Patrick Marber co-wrote and co-starred in The Day Today and is one of the creators of Alan Partridge. He went on to achieve acclaim with his scripts for stage and screen. Here he talks to IdeasMag about being distracted by comedy, writer's block, and documenting his 20s…
When I was 18 and got into Oxford I decided that I would spend the three years writing a novel. I didn’t even get started because I fell in love with being a performer and I got sidetracked into doing comedy. I was on the stand-up circuit for four years and then I did lots of TV and radio comedy and in about 1993 I’d had sufficient confidence-boosting to get back to doing what I’d always wanted to do, which was to write plays and movies.
Going to university was beneficial in that I met lots of people who I then worked with later in my career; I met Armando Iannucci at Oxford, and Rebecca Front. Armando produced The Day Today and On the Hour – that was really my break in showbiz. In terms of being the kind of writer I am now, I would say it wasn’t of great use. I learned how to become a playwright by writing plays.
As a writer, I’m in a period of doubt at the moment and have been for about three years. I feel I’m just coming out of that period and I’ve no idea why I’ve been blocked. I don’t know what it is because I’d never experienced it before, I just didn’t have anything to say – I can’t put it more succinctly than that. It was due to lack of confidence; it was a lack of desire.
I make a lot of notes before writing a play. My notebook for a play is a play in its rudest, roughest form. It is my private jottings and crazy notions and it’s where I talk to myself about this thing I want to write. It’s a very embarrassing document, it’s not even something I’d ever want to put in an archive because it’s so revealing of how naïve the process is.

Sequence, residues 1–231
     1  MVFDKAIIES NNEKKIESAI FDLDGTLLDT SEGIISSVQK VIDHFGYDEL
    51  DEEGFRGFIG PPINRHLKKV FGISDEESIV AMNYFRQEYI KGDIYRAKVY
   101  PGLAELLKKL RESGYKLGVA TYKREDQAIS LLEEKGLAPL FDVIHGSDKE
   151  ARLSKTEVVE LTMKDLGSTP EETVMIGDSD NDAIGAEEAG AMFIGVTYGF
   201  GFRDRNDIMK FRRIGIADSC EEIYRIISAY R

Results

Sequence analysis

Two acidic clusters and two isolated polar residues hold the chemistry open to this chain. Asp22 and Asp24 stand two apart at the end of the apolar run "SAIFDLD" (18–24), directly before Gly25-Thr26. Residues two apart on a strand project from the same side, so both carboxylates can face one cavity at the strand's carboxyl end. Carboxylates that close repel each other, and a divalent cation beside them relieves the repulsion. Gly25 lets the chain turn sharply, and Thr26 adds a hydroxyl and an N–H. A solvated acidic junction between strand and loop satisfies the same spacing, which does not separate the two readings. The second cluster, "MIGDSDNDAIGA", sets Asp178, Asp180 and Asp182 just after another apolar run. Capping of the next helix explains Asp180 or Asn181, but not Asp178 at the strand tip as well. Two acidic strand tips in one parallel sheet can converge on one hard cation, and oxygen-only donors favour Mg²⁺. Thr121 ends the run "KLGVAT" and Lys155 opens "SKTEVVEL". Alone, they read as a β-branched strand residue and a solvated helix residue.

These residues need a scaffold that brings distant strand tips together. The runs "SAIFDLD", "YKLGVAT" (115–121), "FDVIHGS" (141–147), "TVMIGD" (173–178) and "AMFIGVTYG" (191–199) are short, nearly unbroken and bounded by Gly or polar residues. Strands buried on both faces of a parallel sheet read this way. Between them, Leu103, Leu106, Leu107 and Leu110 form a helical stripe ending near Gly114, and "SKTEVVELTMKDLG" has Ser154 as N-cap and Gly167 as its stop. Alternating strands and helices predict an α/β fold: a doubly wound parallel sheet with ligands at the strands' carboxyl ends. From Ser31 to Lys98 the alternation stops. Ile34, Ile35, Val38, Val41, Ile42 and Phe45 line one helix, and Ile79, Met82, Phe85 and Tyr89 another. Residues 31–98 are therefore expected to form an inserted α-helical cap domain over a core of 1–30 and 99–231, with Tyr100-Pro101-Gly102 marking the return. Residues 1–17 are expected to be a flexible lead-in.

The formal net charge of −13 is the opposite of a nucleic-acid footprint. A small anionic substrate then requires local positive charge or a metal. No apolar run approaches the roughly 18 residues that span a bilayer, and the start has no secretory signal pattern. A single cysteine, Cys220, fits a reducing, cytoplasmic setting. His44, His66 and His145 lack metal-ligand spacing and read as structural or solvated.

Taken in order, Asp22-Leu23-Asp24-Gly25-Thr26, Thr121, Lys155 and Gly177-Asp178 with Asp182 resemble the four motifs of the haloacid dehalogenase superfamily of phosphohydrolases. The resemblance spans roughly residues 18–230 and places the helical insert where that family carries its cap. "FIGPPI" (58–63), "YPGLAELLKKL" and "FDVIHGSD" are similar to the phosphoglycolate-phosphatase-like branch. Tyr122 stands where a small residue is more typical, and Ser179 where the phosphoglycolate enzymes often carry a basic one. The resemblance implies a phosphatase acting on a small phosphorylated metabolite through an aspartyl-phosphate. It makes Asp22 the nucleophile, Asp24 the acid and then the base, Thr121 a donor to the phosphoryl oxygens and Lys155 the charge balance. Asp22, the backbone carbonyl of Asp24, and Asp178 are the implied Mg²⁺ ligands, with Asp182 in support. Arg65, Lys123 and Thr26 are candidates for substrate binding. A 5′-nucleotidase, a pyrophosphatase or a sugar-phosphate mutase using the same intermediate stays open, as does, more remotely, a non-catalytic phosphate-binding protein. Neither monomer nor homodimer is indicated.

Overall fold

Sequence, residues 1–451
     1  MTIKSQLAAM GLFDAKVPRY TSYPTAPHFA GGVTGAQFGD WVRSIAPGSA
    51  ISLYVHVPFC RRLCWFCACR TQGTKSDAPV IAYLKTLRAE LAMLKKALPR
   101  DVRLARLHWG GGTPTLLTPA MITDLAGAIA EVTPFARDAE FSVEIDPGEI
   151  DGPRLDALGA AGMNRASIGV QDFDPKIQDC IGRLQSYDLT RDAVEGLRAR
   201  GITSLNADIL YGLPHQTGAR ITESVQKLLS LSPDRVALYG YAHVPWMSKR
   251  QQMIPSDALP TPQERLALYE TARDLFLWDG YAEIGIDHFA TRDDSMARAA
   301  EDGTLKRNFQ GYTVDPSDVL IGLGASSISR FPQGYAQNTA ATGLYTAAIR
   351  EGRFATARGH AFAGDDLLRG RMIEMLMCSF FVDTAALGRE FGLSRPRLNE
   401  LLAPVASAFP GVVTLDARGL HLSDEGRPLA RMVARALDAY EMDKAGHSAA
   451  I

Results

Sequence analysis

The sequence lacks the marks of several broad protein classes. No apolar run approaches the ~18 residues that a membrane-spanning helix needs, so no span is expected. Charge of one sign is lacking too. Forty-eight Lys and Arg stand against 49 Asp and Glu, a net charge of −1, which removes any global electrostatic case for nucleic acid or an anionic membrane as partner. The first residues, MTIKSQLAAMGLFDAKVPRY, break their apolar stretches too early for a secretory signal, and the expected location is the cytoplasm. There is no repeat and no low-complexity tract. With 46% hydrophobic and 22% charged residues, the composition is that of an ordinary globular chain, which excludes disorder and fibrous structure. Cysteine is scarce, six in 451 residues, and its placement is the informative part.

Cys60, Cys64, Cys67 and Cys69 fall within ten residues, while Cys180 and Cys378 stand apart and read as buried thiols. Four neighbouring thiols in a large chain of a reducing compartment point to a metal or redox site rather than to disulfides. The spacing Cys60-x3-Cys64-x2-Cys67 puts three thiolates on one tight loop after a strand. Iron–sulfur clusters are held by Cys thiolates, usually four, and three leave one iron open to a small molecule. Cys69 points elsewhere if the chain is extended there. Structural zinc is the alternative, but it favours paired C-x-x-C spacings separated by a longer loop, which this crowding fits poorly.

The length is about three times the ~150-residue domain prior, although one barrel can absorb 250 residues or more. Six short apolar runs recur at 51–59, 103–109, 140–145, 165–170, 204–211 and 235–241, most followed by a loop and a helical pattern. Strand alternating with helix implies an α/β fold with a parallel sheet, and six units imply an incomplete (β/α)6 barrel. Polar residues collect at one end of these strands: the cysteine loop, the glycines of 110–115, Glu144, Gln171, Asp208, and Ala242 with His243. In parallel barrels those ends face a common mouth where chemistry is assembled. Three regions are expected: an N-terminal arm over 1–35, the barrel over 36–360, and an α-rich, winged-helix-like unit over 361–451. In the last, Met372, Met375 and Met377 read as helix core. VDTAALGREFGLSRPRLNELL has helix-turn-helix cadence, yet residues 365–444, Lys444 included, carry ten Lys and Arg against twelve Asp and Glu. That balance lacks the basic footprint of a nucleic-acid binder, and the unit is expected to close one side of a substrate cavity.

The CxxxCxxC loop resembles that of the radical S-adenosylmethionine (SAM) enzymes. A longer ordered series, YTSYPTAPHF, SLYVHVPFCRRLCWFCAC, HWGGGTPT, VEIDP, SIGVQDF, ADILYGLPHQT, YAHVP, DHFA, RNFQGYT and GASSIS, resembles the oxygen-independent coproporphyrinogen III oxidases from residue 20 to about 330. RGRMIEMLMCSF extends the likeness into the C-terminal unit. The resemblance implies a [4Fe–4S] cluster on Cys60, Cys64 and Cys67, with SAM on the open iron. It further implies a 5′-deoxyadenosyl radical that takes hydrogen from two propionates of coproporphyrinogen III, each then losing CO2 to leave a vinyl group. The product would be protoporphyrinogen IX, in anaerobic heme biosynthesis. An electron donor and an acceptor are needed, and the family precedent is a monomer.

With a play, you’ve really got to believe in it because it’s going to be there for the rest of your life. You’re putting this thing out in the world and it has to be well-built because otherwise it falls to pieces in front of an audience.
Closer came from the love lives of myself and the people I knew around the mid-’90s. At the time I wrote the play I was 30 years old and I thought, “Well, I want to write down how it feels to be in my 20s and early 30s before I forget.” I couldn’t write that play now – I’m 48 now – and I can’t quite remember feeling like that about things. I’m a married man now, I live in a different landscape and I was aware of that at the time and I wanted to note that.
The only real directing I’d done before Dealer’s Choice was [when] I’d directed Steve Coogan and John Thomson in a show at the Edinburgh Fringe. Then I directed a workshop production of Dealer’s Choice at the National Theatre Studio; Richard Eyre saw that and let me direct the full production. I hadn’t directed a play, but at the time I was much more nervous about my directing debut than I was about my playwriting debut. But when you direct a play, if you surround yourself with very good people, then they really help you. It was very frightening and I wouldn’t do it now, but I was young and I had bravery and foolishness in the right measure.
What advice would I give to a younger me? Hang in there.
For more articles, jobs and opportunities, visit our Writing & Publishing hub.